A fantastic example is seen in the clip below where uses a spin and fake to get his defender in air before driving under and finishining with his left. That type of dribble craft and ability to use footwork and movement allowed him to be a dangerous driver despite not having amazing burst.
That immense level of dribble craft along with how he was able to use his sturdy 180-pound frame to finish through contact allowed his perimeter efficiency to carry over to around the paint. As a senior, the Divison II standout to shoot 65% from around the rim, which led to him averaging 1.34 Points Per Possession. Those numbers placed him in the 85th percentile among Divison II players, impressive considering him only standing at 6’0.
While Trevor won back-to-back Division II player of the year awards due to his ability as a premier scorer both from beyond the arc and around the rim, the pride of Manhattan, Kansas wasn’t a slouch as a facilitator. During his prolific run at Northwest Missouri State, he averaged 5.3 assists per game with an incredibly respectable 3.06 Assist to Turnover ratio.
His success as a facilitator is largely due to the gravity that surrounded him whenever he had the ball in his hands. When the focus goes onto Trevor when he’s on the move, Trevor is good at processing his surroundings with the quickness before finding a teammate, whether it’s someone diving to the paint, waiting in the dunker spot, or ready to make it fly from deep. An example of this is evident below as he drives until he captures the attention of the defender on the corner before dishing it out to the shooter.
Trevor being able to use the gravity that surrounded him as a scorer to create for others were the keys behind him not only being named Division II Player of the Year in back-to-back years but being the leader of a Northwest Missouri State squad that won three national championships during his time with the squad. Along with the championships, awards, and tremendous statistics, the impact that he had on the team will stick with the school even after the 6-foot guard starts his pro career.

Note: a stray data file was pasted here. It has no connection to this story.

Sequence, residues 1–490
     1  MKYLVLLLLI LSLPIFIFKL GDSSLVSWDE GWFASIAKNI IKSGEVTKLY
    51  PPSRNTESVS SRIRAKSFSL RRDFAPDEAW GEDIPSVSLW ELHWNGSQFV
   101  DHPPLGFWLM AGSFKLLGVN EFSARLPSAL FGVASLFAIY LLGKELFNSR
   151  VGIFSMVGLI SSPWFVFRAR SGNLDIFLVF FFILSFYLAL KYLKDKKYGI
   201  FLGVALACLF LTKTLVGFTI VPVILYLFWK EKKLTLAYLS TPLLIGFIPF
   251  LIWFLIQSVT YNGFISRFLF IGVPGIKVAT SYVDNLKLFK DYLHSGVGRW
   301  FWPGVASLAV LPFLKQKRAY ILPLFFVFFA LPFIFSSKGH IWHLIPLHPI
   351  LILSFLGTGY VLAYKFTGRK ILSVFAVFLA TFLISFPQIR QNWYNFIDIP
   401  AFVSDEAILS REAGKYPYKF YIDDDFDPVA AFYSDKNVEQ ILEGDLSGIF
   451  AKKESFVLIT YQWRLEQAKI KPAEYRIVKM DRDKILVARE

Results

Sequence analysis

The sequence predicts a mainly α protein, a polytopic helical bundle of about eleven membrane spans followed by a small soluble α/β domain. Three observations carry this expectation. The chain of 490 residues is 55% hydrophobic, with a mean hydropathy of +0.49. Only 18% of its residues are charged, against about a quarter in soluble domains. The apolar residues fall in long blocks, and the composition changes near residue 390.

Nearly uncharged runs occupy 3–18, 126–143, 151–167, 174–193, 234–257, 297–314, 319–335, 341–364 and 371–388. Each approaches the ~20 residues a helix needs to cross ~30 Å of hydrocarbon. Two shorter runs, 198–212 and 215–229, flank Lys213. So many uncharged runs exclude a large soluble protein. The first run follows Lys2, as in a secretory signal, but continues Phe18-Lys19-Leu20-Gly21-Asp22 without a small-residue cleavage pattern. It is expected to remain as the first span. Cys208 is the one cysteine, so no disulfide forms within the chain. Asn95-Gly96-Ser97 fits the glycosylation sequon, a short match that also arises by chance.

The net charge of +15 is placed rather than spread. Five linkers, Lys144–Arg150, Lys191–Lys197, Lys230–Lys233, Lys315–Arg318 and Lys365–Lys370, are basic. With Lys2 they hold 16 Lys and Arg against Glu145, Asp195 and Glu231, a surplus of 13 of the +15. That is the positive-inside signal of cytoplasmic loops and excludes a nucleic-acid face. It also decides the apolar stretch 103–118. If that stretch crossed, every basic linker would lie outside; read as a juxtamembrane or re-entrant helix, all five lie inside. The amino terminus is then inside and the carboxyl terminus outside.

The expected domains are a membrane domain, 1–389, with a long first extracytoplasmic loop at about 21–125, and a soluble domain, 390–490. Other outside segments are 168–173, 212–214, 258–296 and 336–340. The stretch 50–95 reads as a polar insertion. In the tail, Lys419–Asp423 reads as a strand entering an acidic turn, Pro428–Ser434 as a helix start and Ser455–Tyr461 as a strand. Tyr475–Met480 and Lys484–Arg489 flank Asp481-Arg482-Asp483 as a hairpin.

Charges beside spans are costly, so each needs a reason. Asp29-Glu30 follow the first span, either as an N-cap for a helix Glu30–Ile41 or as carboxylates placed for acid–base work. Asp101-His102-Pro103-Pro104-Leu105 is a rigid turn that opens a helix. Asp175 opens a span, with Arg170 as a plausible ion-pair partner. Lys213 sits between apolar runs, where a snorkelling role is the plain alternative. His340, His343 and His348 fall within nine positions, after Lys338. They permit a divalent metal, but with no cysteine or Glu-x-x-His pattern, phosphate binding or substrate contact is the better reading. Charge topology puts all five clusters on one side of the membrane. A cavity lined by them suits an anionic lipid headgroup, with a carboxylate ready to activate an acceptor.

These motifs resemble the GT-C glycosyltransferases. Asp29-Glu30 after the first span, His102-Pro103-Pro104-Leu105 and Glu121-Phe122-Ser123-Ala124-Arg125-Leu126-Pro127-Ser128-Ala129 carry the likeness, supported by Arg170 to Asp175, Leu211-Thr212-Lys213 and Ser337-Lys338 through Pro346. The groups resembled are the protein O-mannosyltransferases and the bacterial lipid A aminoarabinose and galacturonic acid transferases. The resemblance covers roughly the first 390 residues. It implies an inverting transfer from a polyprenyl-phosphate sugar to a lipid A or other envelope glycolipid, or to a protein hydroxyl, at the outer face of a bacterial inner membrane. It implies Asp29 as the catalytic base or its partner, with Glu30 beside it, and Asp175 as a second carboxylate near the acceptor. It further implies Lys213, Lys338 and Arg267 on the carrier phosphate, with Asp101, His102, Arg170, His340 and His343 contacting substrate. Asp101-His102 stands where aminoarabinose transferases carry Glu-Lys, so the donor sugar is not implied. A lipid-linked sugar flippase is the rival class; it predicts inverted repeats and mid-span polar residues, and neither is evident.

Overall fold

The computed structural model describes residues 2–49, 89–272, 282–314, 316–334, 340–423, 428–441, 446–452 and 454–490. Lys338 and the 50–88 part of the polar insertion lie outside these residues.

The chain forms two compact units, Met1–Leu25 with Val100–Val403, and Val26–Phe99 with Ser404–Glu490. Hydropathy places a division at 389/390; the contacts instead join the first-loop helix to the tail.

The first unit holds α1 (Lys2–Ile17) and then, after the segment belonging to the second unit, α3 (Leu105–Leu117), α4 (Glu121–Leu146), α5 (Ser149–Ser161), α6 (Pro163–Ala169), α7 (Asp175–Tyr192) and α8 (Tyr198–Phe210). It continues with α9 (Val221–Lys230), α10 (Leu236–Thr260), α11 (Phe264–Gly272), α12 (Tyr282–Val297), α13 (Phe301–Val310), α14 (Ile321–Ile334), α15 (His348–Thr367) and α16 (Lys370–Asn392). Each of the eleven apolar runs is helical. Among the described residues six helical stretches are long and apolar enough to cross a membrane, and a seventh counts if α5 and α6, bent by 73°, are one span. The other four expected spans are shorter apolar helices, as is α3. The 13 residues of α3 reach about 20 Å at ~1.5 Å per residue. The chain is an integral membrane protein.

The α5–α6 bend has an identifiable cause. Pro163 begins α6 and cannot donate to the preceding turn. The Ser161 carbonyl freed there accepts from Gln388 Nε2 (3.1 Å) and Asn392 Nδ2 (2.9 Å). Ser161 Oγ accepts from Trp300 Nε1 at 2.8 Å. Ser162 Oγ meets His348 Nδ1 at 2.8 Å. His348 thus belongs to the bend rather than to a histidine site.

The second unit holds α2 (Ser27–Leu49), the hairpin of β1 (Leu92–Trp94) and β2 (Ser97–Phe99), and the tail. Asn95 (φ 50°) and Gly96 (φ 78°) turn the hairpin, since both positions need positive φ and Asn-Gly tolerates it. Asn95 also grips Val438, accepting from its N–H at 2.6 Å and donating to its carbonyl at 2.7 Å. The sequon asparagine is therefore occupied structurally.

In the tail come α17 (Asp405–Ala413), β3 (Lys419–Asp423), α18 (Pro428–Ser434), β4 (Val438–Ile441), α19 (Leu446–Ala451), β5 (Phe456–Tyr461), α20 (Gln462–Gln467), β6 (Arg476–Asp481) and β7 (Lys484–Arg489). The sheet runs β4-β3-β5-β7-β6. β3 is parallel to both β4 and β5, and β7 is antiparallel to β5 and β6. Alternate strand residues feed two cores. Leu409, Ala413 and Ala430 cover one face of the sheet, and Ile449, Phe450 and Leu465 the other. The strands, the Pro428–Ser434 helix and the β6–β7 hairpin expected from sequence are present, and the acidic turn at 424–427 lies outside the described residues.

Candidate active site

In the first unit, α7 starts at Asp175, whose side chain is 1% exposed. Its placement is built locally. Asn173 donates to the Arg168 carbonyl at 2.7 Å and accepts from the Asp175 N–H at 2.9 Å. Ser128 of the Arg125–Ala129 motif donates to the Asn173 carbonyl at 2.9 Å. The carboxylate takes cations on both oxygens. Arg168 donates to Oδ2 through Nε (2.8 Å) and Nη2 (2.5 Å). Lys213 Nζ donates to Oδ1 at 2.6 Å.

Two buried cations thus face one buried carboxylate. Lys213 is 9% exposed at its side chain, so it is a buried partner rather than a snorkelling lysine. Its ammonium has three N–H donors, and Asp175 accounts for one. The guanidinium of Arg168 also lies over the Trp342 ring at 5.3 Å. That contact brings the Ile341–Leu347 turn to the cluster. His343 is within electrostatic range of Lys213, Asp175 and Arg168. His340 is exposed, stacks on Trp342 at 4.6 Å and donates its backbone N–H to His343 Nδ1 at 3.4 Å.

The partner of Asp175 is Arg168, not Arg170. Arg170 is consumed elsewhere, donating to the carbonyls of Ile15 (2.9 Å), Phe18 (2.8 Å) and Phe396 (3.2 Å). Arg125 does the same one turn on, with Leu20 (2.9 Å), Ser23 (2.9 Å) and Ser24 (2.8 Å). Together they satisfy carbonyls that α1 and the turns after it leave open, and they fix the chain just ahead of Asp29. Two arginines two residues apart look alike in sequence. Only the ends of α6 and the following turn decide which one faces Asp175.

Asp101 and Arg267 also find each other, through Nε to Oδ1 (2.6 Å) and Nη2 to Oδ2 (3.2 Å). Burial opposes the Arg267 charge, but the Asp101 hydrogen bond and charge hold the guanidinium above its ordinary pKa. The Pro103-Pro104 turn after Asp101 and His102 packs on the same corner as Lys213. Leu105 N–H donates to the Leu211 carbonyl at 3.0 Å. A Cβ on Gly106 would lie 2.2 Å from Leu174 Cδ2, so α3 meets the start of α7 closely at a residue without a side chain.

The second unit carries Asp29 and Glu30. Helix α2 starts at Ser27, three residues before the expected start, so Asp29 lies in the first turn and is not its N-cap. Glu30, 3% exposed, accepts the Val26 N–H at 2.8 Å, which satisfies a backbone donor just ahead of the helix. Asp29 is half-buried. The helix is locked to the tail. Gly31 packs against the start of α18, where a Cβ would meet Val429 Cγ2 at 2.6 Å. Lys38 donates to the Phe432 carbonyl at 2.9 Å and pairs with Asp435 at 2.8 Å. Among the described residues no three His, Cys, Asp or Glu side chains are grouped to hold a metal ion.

Speaking of his pro career, yours truly reached out to Northwest Missouri State head coach Ben McCollum to gather insight on what the Rockets organization and fans should expect from their new two-way guard.
“Trevor was a fantastic teammate. He was a servant for his teammates while also challenging them daily to be their best. He will be very intentional with his work ethic and is at his best every single day . He is extremely consistent as a person and a player”, stated McCollum to The Call-Up about what type of person he is..
“Trevor does not have an off day. He is always on and always works. He is very intentional with his work and constantly works to improve his craft! He will be one of the best most intentional workers. Also, he is a visual and hands on learner but he can learn a variety of ways . He watches hours of film and tries to find any information he find to improve himself,” proclaimed the title winning coach about the type of worker and learner that the young guard was during their four years together.
As Coach McCollum’s statement show, Trevor Hudgins is regarded as fantastic teammate, hard worker, and someone that will spend hours watching game tape when he isn’t on the court. As we’ve gone over, that impressive nature is seen with how he is on the court as the 6-foot guard is incredibly capable of getting his perimeter jumper off in numerous ways.
That great skill along with his craftiness as a ball-handler and someone that can use his gravity to create for his surrounding teammates. All of that mixed with his quick hands and effort on the defensive end has it make complete sense for the Rockets to use one of their lone two-way spots on him.
While it’s doubtful that he’ll get immediate run with the big league club, the former Division II standout should have no problem fitting as one of the offensive leaders of the Rio Grande Valley Vipers. Could he have problems dealing with the leap in talent and athleticism that will come from him making the leap from Division II to the G League? Absolutely.
However, his tremendous knack as a shooter mixed with the attention that his talented teammates will offer should allow an easier transition than most Division II prospects get when they go to the G. After his shooting will serve as the base for him to help RGV’s offense at the beginning of the year, his ability as a pcik-and-roll scorer and facilitator could come into play as the game starts to slow down for him as the season goes along.